Hana Sharif will succeed Molly Smith as the Arena Stage’s first Black artistic director. (Photo by Cheshire Isaac, courtesy of Arena Stage)

By Adriana Navarro,
Special to the AFRO

Hana Sharif builds worlds for a living. With the eye of a museum curator, she carefully selects the stories that will play out within them and the truths they will display.

She practiced crafting narratives for five years at the Repertory Theater of St. Louis (The Rep) as the artistic director. Sharif, 45, will continue to hone her craft under the same title at Arena Stage in Washington, D.C. 

It’s a stage that Sharif’s 19-year-old self had said she would run one day after learning of its reputation and of the legendary work of its first artistic director, Zelda Fichandler. 

“When I looked at the landscape of who was doing really interesting and engaging work at the time, when I looked at the landscape of what cities I thought I could have a real impact in and which institutions were really hallmarks for the quality of work that I wanted to do, there were only a handful of theaters that really checked all of those boxes for me,” Sharif said.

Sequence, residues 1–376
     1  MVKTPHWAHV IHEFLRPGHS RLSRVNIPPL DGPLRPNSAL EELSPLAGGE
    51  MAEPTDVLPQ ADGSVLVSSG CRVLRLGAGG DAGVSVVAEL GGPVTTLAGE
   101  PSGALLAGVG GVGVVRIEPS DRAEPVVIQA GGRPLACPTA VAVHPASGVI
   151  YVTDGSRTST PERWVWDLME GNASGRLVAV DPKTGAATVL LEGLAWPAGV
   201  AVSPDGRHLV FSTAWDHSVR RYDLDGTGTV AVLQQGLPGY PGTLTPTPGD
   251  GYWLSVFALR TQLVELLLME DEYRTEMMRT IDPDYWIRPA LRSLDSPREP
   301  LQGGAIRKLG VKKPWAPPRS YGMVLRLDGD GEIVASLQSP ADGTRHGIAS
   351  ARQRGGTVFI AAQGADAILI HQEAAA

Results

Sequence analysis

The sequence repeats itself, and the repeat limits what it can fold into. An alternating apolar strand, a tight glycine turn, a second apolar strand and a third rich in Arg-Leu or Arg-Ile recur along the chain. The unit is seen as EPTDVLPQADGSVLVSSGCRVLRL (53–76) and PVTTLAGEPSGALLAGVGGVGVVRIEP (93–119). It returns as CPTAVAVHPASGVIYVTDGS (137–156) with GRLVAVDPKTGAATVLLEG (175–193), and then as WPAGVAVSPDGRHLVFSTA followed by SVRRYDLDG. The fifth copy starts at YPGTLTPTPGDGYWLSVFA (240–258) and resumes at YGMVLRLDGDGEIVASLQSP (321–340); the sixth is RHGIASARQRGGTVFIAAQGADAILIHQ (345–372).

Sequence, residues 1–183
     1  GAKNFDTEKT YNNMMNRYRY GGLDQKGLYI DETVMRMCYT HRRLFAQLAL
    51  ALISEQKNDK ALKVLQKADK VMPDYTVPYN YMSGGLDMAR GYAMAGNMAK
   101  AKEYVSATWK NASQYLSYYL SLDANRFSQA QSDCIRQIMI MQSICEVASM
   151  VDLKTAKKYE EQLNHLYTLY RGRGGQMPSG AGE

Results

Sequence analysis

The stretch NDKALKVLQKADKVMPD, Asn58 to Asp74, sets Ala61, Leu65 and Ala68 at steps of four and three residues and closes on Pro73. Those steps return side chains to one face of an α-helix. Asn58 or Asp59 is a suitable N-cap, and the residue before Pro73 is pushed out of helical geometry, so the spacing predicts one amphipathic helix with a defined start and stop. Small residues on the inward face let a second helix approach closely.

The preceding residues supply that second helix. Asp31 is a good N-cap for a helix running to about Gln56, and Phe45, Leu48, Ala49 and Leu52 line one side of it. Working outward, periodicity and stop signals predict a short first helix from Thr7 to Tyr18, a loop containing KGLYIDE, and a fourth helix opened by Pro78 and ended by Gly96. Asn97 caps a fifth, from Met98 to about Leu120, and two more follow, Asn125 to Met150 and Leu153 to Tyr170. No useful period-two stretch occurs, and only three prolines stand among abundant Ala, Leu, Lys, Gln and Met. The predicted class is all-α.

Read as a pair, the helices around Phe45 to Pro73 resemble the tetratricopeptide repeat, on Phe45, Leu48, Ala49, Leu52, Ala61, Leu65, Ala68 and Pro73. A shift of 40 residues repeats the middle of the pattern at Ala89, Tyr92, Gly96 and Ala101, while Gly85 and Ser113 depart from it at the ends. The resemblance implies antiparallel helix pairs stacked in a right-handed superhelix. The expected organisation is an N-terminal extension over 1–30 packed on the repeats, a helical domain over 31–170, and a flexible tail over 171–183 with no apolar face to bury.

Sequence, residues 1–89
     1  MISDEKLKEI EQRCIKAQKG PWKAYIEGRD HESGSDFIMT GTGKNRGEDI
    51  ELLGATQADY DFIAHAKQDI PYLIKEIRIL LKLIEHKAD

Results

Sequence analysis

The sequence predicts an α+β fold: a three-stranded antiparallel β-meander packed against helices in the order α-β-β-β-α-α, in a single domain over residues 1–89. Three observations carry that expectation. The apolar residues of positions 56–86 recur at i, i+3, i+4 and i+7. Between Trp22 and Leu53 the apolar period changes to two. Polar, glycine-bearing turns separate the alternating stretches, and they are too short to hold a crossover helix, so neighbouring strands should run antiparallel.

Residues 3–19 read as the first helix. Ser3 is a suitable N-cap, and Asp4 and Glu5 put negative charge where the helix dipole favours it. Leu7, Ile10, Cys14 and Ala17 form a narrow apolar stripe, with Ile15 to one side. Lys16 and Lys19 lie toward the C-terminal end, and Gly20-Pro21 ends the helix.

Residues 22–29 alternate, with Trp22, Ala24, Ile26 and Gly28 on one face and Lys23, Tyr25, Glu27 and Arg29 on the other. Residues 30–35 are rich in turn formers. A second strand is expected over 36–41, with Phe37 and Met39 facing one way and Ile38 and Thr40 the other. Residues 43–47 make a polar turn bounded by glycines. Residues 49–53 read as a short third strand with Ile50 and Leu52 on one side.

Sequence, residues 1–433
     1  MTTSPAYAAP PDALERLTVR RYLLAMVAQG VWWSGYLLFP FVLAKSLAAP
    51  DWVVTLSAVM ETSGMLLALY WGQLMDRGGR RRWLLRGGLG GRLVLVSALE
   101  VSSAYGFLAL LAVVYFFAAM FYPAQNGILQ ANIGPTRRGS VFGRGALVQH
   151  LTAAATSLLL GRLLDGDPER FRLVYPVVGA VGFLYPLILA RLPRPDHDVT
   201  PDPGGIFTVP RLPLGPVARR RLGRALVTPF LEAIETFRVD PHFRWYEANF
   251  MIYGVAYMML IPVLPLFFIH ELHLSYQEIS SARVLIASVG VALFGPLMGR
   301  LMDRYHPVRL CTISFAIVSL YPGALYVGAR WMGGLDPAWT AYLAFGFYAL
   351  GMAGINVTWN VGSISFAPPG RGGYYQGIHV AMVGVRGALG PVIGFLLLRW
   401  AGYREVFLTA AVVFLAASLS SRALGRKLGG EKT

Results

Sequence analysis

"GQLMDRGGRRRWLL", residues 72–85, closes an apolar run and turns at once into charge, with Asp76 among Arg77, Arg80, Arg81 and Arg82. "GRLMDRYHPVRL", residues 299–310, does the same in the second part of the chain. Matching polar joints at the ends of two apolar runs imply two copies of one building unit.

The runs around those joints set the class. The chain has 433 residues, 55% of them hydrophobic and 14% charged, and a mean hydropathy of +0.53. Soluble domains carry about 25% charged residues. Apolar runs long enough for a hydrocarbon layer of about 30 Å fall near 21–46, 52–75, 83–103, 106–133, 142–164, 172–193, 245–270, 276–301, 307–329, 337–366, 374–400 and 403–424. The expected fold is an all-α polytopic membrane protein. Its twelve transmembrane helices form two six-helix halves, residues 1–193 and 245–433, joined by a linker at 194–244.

Sharif is succeeded by Molly Smith, who served in the role of artistic director of Arena Stage for more than two decades.

“For the last 25 years, I have held magic in my hands,” Smith shared in a press release from Arena Stage. “From the first moment 25 years ago, when I came to Arena, I was blessed with a top-notch production staff and dynamic administration. We can create anything, and we have…we’ve changed America along the way. Now, it’s time to pass that magic on to the next generation—to Hana. I know her magic will be mesmerizing and I, for one, will be cheering from the audience.”